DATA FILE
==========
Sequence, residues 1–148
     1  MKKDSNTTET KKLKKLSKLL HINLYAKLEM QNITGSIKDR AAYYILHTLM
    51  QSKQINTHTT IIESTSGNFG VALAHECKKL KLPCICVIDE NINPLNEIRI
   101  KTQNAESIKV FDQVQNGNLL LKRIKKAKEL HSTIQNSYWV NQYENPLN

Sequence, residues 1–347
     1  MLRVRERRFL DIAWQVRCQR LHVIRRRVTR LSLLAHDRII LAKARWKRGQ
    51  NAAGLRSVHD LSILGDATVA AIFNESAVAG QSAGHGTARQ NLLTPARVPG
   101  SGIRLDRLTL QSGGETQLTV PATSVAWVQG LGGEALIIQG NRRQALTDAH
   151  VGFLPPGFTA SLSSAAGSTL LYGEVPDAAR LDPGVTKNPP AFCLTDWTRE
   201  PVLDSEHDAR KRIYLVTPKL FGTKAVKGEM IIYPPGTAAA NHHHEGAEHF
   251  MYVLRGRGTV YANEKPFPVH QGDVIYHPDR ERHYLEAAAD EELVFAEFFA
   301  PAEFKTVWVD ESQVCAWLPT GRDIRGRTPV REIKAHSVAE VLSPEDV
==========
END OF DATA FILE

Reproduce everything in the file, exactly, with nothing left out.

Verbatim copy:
Sequence, residues 1–148
     1  MKKDSNTTET KKLKKLSKLL HINLYAKLEM QNITGSIKDR AAYYILHTLM
    51  QSKQINTHTT IIESTSGNFG VALAHECKKL KLPCICVIDE NINPLNEIRI
   101  KTQNAESIKV FDQVQNGNLL LKRIKKAKEL HSTIQNSYWV NQYENPLN

Sequence, residues 1–347
     1  MLRVRERRFL DIAWQVRCQR LHVIRRRVTR LSLLAHDRII LAKARWKRGQ
    51  NAAGLRSVHD LSILGDATVA AIFNESAVAG QSAGHGTARQ NLLTPARVPG
   101  SGIRLDRLTL QSGGETQLTV PATSVAWVQG LGGEALIIQG NRRQALTDAH
   151  VGFLPPGFTA SLSSAAGSTL LYGEVPDAAR LDPGVTKNPP AFCLTDWTRE
   201  PVLDSEHDAR KRIYLVTPKL FGTKAVKGEM IIYPPGTAAA NHHHEGAEHF
   251  MYVLRGRGTV YANEKPFPVH QGDVIYHPDR ERHYLEAAAD EELVFAEFFA
   301  PAEFKTVWVD ESQVCAWLPT GRDIRGRTPV REIKAHSVAE VLSPEDV